It's been over two years since How to Cook Water was born. When I first started this venture, my goal was to help cooks in all stages of life learn to make delicious meals. I created illustrated recipes that transformed complex dishes into easy-to-follow steps. Many of the recipes were my own creations, and others were from favorite chefs and cookbooks I admire.
Over time, this blog evolved into something that has been a bit of a surprise: demand for my artwork! It might seem silly to some of you that a professional artist who makes a living making art would make this sort of statement, but like a lot of artists out there, I'm humbled when people love what I do. This shift in my blog has brought new ideas and opportunities that I'm excited to share in a whole new format.
I recently launched my new Instagram, Anne Mann Studio, which is where my illustrations live. Many How to Cook Water illustrations will be for sale as prints and on items such as kitchen towels, coffee mugs, and much more. I've also launched my new Facebook page, Anne Mann Studio; this will replace my How to Cook Water Facebook page.
The blog and How to Cook Water Facebook page will be off into the sunset in a few weeks, but don't fret — if you would like one of your favorite recipe illustrations, you can contact me through my Instagram account or my Anne Mann Studio Facebook page and I'll work hard to accommodate your request. I'm very excited to embark on this new adventure. Be sure to follow me on Instagram to get weekly updates on new, original art and the latest news on what’s available in my store. If you're not on Instagram, be sure to follow me on my Anne Mann Studio Facebook page and you will get weekly updates on the latest art and news there.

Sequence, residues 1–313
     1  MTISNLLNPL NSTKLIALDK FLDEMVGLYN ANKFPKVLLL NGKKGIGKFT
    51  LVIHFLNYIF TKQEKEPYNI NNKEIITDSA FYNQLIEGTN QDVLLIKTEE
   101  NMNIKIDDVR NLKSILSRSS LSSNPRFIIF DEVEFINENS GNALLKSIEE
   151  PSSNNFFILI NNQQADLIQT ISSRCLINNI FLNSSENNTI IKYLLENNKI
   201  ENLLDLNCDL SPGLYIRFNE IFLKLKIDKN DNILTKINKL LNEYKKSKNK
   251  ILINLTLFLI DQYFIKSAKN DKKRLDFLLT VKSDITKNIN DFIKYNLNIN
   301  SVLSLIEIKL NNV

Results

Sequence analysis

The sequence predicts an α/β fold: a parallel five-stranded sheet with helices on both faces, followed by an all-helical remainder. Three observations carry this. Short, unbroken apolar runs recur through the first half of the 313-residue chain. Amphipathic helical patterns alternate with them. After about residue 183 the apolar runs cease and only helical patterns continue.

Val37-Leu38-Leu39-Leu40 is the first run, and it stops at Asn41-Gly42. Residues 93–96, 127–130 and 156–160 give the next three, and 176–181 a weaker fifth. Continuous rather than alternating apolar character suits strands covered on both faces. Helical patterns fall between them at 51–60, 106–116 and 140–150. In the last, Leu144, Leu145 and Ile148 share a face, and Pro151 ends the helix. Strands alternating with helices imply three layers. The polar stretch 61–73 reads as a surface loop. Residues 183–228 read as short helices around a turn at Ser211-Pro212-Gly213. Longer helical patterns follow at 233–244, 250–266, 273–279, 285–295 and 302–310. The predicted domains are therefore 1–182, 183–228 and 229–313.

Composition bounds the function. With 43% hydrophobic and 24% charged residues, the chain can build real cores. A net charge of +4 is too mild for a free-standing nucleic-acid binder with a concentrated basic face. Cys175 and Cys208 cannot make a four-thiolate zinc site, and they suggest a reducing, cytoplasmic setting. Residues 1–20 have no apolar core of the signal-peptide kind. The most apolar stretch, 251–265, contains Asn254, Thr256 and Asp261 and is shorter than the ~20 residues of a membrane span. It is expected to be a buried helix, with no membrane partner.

One of the first items I’m making available will honor the memory of one of my favorite chefs.
The unexpected death of acclaimed writer and chef Anthony Bourdain has brought sadness to the culinary community. Not only did I admire him, but I met Anthony a couple of times when I was working at Barbara Jo’s gourmet cookbook shop in Vancouver, Canada, and he happened to be in town.
Anthony stopped by one afternoon. He had met me only once before, and with sincerity he remembered my name, asked how I was doing, how my art was coming along, and demanded I called him Tony, which I had a hard time doing — this was Anthony Bourdain for cryin' out loud!
I remember Anthony and the rest of our staff made espresso. Mark, our store kitchen/baking wizard, was baking crumpets from scratch. We sat around poring over cookbooks, talking art, gardening, philosophy, even silly politics. Barbara Jo closed up shop that evening, and we all went out to dinner at some dive bar Anthony picked.
I will always remember that day fondly.
When the news of his suicide surfaced, I, like many people, was very shocked and sad. With many of you, there may have been also emotions of guilt, and for some, anger. I think these are all normal reactions when a heart is broken.
Wanting to do something to help others who are struggling with suicide, I took to my pen and started to draw a bouquet of flowers. But flowers weren't appropriate in this case of a fallen culinary giant. They had to be kitchen utensils—but what kind of utensils? Anthony Bourdain used to wear a chef's jacket with his famous Bourdain Skull drawing on it; the artwork was a skull wearing a chef’s hat wielding a knife in its mouth. With that inspiration, I went with a bouquet of knives and kitchen tools wrapped in barbed wire flanked by a red heart. It is appropriately named Tony's Towel.
This illustration will be for charity in memory of Anthony Bourdain. This drawing is printed on a kitchen towel for sale on my Anne Mann Studio storefront located on Zazzle.com. A portion of the proceeds of the sale of this towel will go to the National Suicide Prevention Lifeline to help ease the pain of others suffering from suicidal thoughts.
Tony, I’m so sorry you were in a deep hole you couldn't escape—damn! R.I.P., Chef, you were a special person who made a positive difference in my life.